Tuesday, December 24, 2013

Keerai (greens) Thandu (stem) Kootu

There are so many varieties of keerais or greens available in India - especially in southern India - mulai keerai (type of amaranth), siru keerai (another type of amaranth), ponanganni keeri (dwarf copper leaf), pasala keerai (spinach), vendhiya keerai (fenugreek), murungai keeri (drumstick leaves), manathakali keerai, vallarai keerai (pennywort) – to name a few.  My mom would either buy these at a wholesale vegetable market where farmers send fresh produce, or from the vendor who would bring these to the door.  She would make these in different ways – keerai masial, keerai kootu, more kootu, keerai vadai, keerai kuzhambu etc. 

Keerai Thandu Kootu

We had a drumstick tree in our backyard – so we got murungai keerai from that.  My mom would add this to adais.  We also had a manathakalikai (European black nightshade) bush, and got the purple berries and greens from this plant.

Once I moved here, the only recognizable keerai I had access to was palak  - spinach.  Chopped spinach was available in the frozen vegetable section in the regular grocery store and that was the only keerai I made for the longest time.

A couple of summers ago, we became members of a local CSA (Community Supported Agriculture).  Due to weird summer weather that year, most of the harvest was greens – arugula, kale, chard, mustard greens, spinach, and numerous others I don’t know the names of.  So I started experimenting with these – some hits and some misses.

Of late, the big Asian market near my house, has been carrying amaranth (a variety of mulai keerai) and pennywort (brahmi/vallarai).  I buy these and make it the same way that I make spinach.  The last time I got Amaranth, I noticed that the stems were really thick, and remembered this kootu (vegetables cooked with moong dal and spices) my mom used to make with keerai thandu (stems) and decided to make it.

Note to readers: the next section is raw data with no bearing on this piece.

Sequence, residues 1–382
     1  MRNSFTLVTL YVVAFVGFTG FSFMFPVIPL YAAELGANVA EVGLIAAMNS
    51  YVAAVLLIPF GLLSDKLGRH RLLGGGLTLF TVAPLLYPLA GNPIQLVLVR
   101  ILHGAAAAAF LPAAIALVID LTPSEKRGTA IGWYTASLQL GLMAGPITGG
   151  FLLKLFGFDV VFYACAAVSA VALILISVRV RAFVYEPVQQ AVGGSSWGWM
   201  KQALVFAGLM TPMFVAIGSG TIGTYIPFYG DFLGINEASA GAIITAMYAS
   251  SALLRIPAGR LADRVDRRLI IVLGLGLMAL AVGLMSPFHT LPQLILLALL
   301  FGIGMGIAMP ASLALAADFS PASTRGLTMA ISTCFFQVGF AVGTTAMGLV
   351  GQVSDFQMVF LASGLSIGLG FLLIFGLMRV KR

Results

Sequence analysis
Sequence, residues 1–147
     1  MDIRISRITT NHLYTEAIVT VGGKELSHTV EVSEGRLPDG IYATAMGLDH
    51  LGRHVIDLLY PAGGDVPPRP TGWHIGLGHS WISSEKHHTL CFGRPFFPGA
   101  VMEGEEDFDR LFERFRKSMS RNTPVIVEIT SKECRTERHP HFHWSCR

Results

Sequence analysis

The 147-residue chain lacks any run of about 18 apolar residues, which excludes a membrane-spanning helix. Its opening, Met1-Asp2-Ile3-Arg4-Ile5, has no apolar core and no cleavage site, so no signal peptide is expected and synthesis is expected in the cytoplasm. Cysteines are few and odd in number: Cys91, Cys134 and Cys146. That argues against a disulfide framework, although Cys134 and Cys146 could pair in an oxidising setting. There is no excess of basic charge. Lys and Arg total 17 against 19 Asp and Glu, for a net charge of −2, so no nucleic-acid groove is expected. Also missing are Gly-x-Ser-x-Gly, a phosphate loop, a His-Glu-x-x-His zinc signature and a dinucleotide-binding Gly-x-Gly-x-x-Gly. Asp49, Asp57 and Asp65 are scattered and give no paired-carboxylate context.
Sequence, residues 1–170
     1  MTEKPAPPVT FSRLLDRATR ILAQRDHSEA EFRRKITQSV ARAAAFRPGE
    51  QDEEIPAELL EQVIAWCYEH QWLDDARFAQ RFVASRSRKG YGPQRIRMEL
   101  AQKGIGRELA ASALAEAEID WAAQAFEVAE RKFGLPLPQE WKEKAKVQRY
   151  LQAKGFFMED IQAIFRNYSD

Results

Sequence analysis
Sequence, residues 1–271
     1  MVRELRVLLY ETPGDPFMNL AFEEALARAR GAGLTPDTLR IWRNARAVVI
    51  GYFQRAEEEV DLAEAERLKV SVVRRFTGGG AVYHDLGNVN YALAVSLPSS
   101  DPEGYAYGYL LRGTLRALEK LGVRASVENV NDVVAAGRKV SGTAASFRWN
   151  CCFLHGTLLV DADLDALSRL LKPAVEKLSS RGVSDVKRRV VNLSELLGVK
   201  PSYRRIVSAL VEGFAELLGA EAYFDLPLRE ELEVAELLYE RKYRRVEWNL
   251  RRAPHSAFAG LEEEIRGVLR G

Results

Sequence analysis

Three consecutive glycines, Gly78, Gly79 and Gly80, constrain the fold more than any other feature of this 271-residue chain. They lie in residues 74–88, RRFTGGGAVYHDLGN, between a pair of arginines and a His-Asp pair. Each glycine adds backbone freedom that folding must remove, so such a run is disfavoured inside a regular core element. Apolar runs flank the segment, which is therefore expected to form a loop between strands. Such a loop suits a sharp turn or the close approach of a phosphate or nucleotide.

The amaranth I get here has red and green leaves (red around the veins and green on the edges) – like this one in the picture.

I trimmed the leaves and used it to make saag, and chopped the stems to make this kootu


Here is what you need:

  • ½ cup toor dal
  • ½ cup moong dal
  • 12 – 15 thick amaranth stems
  • 2 tsp. dhania (coriander seeds)
  • 2 tsp. jeera (cumin seeds)
  • 2 tsp. urad dal
  • 3 red chilies
  • 1 tsp. black pepper
  • ¼ tsp. hing
  • ¼ cup grated coconut
  • ¼ tsp. turmeric powder
  • salt to taste
For tempering:
  • 2 tsp. oil
  • ½ tsp. mustard seeds
  • ½ tsp. jeera
  • ½ tsp. urad dal
  • 2 red chilies
  • few curry leaves

Here is how I made it:

  1. Wash and rinse the dals, add water and cook in a pressure cooker till done.
  2. Wash the amaranth stems and dice them.  Place them in a pot with water, bring to boil and cook on medium-low heat till done (about 7 – 8 minutes).  Drain the water and set aside.
  3. While the stems are cooking, dry roast dhania, jeera, urad dal, red chilies, black pepper, and hing.  Let this cool a bit and grind to a coarse paste with coconut.
  4. Now, add the mashed dal to the cooked stems.  Add a little water and salt to taste along with turmeric powder.  Bring this to a boil.
  5. Add the ground paste and simmer for a few more minutes.
  6. Heat oil for tempering in a small pan.  Add mustard seeds, jeera, urad dal, and red chilies. 
  7. When the mustard seeds sputter, turn off the stove, add the curry leaves (carefully, because it tends to splash oil), and pour this over the kootu.
Serve with rice, rasam, kuzhambu or sambar.

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